At SeattleRentals.com, we try our best to monitor scam accounts and advertisements.
However, not all scam and fraudulent advertisements get detected by our team.
The best way for you to avoid being a victim of fraudulent advertising are:
Deal locally, face-to-face: following this one rule will avoid 99% of scam attempts.
Do not extend payment to anyone you have not met in person.
Never wire funds (e.g. Western Union).
Transactions are between users only, no third party provides a “guarantee.
Never give out financial info that isn’t on a secure, known platform (bank account, social security,
PayPal account, etc.).
It is best not to rent sight-unseen – It is a good idea to have someone assist you in this search
if you are not currently in the Seattle area. Either a friend or relative , whose opinion you trust,
or a Real Estate professional that specializes in Residential Rentals, like our sister company Seattle
Refuse background/credit checks until you have met landlord/employer in person.
If you suspect that a SeattleRentals.com ad may be connected to a scam, please send us the details.
If you suspect you have been a victim of a fraudulent or scam account or ad, here are some helpful links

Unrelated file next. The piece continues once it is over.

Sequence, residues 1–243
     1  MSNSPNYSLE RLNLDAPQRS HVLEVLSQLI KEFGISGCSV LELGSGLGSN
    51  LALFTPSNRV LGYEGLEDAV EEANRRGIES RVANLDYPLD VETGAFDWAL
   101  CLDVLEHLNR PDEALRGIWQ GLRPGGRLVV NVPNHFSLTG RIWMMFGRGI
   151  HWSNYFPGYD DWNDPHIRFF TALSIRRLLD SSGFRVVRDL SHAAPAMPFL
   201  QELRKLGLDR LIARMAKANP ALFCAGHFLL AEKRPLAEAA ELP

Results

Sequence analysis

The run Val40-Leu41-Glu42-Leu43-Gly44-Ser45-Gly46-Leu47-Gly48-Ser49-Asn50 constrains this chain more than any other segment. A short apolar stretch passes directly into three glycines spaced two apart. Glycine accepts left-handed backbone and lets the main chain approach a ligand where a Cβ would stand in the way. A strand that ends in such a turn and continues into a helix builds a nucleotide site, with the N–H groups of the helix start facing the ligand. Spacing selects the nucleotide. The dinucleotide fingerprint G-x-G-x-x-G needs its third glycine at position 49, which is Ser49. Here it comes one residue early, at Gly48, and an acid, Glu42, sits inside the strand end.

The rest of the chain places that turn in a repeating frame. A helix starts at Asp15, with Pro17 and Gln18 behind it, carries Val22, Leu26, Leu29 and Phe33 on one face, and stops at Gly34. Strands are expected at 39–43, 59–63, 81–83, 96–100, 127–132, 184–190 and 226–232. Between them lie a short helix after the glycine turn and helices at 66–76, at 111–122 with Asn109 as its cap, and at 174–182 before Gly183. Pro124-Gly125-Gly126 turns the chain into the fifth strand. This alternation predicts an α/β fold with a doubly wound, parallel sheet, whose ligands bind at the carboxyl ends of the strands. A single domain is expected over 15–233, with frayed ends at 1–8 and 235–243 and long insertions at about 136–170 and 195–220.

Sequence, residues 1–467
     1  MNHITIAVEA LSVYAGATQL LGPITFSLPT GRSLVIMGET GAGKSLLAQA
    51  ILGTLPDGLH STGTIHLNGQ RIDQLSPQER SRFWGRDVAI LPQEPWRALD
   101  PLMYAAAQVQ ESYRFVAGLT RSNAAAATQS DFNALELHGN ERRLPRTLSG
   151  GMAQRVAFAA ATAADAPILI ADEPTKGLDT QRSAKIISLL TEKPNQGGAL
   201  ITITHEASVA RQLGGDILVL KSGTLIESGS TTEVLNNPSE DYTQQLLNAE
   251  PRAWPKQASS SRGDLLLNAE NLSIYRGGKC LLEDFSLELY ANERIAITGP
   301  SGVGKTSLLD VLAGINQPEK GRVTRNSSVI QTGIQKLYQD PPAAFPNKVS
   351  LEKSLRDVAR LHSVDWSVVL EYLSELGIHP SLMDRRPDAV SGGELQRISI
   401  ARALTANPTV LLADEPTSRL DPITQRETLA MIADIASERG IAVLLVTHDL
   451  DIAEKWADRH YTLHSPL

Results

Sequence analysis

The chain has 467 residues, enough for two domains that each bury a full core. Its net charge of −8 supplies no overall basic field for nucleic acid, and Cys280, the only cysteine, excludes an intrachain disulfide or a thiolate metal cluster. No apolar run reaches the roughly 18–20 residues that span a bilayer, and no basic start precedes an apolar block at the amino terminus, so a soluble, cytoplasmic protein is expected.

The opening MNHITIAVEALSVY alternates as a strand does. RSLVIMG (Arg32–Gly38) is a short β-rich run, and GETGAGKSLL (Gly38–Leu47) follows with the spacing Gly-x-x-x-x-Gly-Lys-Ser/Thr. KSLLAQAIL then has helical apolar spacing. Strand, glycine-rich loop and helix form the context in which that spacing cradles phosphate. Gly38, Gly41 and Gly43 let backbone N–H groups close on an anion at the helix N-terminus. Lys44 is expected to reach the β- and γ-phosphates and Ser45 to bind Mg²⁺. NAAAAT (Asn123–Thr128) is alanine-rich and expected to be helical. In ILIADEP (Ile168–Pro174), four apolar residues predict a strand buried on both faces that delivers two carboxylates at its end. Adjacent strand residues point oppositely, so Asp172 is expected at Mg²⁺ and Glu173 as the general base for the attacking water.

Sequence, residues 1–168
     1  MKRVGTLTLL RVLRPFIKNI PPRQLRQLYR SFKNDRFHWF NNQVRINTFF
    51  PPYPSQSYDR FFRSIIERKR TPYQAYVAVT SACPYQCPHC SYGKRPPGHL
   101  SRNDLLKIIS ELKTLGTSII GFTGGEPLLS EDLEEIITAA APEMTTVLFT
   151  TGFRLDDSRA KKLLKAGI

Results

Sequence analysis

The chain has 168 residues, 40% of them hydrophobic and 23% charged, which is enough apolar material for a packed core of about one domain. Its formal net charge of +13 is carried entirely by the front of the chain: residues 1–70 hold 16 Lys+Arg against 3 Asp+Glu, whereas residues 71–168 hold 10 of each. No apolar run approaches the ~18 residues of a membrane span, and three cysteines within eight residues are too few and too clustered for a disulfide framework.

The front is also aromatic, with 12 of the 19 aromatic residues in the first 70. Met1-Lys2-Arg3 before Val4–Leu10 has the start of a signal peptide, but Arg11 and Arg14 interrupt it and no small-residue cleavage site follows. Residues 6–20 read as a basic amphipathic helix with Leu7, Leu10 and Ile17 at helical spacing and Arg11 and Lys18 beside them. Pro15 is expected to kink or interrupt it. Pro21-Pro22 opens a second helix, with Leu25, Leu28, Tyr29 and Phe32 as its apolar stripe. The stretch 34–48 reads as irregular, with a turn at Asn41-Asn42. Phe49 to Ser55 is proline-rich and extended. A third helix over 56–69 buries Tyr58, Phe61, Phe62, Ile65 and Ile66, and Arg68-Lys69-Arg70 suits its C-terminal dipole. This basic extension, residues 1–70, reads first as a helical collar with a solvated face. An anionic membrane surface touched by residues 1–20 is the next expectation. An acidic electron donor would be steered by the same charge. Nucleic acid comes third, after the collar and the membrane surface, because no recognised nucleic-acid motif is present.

you may need to resolve the issue:
If you are defrauded by someone you met in person, contact your local police department.
Keep an eye out for these red flags:
You’re asked to send money without having met anyone, seen the apartment, and/or signed a lease –
It is not normal for a landlord or leasing professional to ask for deposit or holding fee before
you have had a chance to view the property. If you are looking from out of state it is best to
work with a leasing specialist or to have a friend or relative in the area assist you to make
sure the property is as described.
The landlord seems too eager to lease the apartment to you. – Most landlords want to know your
credit score, and the may also want more information about you, including but not limited to
criminal background check and employment verification. If a landlord does not seem interested
in any form of tenant screening, or seems eager to negotiate the rental rate and other lease
terms, it’s suspicious.
You’re asked to pay an unusually high security deposit or too many upfront fees – In the
Seattle area the general rule of thumb is the security deposit should be equal to the first’s
month’s rent. Additional fees that you could pay are Application fees (between $25 – $60),
Utilities fees ($50-$80 per person), Parking Fee ($100 - $200 and could be monthly or a flat rate),
Pet rents and fees. If the landlord wants a higher security deposit than what’s required by law, or
if there are multiple upfront fees, it could be a sign that the landlord wants to take your money.
If you feel sales pressure from the landlord, it could be a red flag as well.